Fr Fleming writes of the meeting:
"Since my advice was being directly sought, I abandoned caution and said what I really thought. I urged the bishops to abandon current approaches based upon 'ecumenical dialogue'… It was my belief that the TAC was in a very different place theologically from the Anglican Communion and well situated to cut to the chase.
"I suggested that if the TAC was really serious about its future and about full corporate reunion with Rome as an integral part of that future they needed to take a whole new approach. This approach was outlined by me as follows:
1. That the TAC seeks corporate reunion with the Holy See without condition. In this way there would be no need for committees discussing doctrine and reporting back to various authorities. It would be a straight out application for corporate reunion, no strings attached.
2. To achieve point 1 above, local synods of the TAC should be asked to consider, and if thought fit, pass motions to the effect that there now no longer exist any doctrinal or moral differences between the teaching of the TAC and the Catholic Church.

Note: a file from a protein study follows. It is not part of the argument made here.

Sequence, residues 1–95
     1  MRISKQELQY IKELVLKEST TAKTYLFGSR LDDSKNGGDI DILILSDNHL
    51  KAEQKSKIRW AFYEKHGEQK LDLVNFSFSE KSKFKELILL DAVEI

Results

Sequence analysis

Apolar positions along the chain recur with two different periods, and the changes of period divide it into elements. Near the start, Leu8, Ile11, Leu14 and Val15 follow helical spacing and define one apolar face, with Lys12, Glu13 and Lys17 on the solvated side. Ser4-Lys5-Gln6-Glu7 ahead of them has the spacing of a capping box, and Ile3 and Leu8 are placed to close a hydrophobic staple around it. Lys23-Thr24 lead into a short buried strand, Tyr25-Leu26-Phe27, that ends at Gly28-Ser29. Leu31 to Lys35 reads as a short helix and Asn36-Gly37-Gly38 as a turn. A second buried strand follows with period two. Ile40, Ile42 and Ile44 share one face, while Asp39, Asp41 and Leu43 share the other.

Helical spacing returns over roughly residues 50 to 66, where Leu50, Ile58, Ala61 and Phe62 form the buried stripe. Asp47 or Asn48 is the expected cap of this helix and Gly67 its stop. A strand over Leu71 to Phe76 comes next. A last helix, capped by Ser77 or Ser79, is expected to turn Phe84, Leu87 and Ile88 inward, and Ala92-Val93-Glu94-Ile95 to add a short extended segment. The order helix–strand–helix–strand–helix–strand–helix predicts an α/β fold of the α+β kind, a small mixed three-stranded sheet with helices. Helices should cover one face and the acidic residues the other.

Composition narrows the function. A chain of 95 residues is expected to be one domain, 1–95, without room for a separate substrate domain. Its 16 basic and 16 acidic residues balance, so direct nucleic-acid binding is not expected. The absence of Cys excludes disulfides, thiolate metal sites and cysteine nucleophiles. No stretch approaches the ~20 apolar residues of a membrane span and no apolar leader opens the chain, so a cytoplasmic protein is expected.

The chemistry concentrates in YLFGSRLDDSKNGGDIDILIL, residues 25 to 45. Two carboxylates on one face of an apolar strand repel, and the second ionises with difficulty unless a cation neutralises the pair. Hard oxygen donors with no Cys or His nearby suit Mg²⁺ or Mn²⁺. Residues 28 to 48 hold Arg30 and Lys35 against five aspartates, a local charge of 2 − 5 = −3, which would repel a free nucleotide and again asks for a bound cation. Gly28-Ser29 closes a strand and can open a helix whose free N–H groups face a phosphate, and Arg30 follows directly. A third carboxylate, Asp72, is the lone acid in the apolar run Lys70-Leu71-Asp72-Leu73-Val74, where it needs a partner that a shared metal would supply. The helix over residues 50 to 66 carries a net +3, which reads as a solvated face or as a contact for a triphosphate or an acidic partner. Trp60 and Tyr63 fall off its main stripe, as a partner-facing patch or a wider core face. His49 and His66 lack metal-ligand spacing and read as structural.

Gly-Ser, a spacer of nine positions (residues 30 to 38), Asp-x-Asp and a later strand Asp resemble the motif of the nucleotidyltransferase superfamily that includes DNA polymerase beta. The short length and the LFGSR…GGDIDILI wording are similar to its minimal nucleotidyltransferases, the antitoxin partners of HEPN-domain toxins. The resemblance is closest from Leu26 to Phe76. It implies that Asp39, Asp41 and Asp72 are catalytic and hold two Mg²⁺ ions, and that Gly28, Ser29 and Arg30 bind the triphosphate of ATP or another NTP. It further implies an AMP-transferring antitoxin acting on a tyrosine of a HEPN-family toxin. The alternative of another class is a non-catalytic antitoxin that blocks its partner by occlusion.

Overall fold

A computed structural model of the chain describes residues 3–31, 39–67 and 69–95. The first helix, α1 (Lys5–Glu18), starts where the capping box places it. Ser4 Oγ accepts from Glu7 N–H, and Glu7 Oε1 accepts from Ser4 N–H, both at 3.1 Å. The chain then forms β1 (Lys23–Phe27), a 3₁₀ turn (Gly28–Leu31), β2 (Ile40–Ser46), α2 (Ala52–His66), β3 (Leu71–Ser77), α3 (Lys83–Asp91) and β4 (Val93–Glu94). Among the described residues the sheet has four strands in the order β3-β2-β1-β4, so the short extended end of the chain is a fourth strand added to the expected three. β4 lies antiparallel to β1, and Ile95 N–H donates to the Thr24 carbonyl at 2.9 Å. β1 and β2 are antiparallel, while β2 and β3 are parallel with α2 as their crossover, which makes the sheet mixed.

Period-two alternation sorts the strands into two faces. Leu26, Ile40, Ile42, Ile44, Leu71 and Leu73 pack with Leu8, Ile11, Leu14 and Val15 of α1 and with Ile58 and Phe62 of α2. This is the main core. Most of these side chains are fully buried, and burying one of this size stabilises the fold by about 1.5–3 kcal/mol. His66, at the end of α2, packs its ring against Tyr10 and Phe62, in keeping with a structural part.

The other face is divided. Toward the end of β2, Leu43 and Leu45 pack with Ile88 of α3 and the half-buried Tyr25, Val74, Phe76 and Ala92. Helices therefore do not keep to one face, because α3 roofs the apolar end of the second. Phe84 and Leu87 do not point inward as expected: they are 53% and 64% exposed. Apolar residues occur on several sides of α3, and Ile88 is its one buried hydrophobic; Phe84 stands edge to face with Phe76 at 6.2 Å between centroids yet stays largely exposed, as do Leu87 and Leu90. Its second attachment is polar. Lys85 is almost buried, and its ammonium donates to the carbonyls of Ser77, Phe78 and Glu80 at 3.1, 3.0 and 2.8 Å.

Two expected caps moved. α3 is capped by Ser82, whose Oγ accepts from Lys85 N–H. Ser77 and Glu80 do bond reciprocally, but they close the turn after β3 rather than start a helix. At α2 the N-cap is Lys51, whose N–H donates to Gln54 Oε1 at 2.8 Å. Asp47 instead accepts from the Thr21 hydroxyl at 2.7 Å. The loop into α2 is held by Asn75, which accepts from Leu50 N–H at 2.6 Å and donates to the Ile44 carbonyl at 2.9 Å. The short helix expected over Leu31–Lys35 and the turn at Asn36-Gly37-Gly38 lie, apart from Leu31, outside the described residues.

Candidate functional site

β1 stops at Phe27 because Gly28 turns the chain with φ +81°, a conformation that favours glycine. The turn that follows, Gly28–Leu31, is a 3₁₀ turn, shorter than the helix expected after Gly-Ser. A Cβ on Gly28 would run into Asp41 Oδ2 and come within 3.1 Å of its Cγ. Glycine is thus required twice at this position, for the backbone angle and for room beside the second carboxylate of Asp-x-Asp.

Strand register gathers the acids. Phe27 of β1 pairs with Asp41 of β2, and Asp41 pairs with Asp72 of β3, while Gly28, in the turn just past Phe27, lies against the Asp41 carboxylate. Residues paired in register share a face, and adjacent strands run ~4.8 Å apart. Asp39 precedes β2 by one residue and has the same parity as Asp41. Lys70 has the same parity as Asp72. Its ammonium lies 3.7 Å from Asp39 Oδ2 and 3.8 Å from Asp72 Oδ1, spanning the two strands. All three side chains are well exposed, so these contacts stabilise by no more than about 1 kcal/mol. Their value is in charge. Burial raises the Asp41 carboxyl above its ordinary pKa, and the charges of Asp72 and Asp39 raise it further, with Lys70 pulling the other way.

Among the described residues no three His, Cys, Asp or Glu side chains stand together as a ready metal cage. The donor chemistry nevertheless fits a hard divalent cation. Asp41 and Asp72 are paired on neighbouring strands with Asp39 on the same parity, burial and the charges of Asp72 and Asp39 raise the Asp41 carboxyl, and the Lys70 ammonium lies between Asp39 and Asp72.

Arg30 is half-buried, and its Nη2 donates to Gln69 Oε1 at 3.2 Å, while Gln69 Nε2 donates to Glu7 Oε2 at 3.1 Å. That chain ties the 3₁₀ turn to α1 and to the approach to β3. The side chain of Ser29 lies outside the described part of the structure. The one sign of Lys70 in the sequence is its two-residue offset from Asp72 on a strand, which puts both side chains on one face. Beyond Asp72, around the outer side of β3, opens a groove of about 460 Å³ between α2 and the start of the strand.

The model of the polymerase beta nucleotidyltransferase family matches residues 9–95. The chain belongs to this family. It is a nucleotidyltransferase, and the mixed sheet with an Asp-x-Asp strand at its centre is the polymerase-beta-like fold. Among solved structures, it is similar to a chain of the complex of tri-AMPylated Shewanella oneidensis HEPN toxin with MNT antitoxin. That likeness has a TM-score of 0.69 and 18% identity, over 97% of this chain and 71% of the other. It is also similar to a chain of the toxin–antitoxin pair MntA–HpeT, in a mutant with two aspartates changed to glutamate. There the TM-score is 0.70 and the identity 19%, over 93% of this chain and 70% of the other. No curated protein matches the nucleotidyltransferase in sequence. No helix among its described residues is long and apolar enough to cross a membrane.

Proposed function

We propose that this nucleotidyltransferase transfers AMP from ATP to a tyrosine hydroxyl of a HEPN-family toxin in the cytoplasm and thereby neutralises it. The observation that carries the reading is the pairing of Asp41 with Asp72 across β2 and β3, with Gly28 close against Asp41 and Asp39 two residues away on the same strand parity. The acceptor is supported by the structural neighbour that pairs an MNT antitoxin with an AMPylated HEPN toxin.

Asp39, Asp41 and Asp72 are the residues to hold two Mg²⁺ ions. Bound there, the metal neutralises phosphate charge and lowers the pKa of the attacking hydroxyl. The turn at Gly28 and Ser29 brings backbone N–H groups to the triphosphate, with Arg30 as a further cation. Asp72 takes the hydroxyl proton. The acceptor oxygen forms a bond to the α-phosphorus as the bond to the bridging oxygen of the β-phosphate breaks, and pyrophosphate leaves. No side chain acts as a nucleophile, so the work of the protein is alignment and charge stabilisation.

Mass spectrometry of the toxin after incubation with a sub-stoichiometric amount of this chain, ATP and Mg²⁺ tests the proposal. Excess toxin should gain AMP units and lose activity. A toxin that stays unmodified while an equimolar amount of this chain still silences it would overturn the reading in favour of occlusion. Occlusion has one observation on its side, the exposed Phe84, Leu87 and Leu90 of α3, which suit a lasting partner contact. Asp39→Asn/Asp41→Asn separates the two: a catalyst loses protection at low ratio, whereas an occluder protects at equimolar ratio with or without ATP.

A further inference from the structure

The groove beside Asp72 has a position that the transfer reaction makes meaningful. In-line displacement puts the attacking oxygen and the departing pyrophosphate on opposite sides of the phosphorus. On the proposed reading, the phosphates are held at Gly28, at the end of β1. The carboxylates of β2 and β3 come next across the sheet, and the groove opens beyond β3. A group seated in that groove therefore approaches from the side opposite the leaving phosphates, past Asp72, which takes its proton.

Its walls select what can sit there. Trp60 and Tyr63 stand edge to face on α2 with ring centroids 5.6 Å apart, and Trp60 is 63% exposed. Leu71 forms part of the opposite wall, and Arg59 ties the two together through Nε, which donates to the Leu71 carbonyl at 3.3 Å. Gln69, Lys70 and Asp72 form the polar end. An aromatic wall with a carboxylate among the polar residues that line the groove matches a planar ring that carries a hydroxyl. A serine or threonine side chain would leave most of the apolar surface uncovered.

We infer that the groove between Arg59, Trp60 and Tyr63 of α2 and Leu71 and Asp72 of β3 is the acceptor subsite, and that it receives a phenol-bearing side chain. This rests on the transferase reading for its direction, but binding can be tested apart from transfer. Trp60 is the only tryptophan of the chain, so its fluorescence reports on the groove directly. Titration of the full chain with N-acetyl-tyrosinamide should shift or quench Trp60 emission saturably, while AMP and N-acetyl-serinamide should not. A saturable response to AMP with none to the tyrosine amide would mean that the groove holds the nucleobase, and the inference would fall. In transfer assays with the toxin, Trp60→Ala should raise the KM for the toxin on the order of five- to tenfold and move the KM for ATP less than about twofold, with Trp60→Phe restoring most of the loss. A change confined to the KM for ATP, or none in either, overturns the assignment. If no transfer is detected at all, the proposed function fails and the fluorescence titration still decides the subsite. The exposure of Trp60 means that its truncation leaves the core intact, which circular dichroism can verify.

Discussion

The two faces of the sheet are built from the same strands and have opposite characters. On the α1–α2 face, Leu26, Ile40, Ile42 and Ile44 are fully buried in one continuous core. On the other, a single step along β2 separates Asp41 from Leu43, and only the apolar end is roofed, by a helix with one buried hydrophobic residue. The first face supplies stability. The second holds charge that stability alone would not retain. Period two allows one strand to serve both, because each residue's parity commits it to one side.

3. Any petition to Rome would need to include an explicit recognition of the Petrine Office (i.e., the Office of Pope) as being of the esse of the Church. Put simply it would mean that the TAC accepts that the constitution of the Church as given by Christ included the leadership of St Peter as it has been handed on in the Church ever since. That the Pope has real and immediate jurisdiction in every local Church and enjoys the gift of infallibility when teaching in certain circumstances.
There would need also to be an acceptance of the proposition that the Church founded by Jesus Christ and committed to the care of St Peter most perfectly subsists in the Catholic Church with the Pope, the Bishop of Rome, being the legitimate successor of St Peter. The Pope and bishops in communion with him have the task of governing the Church.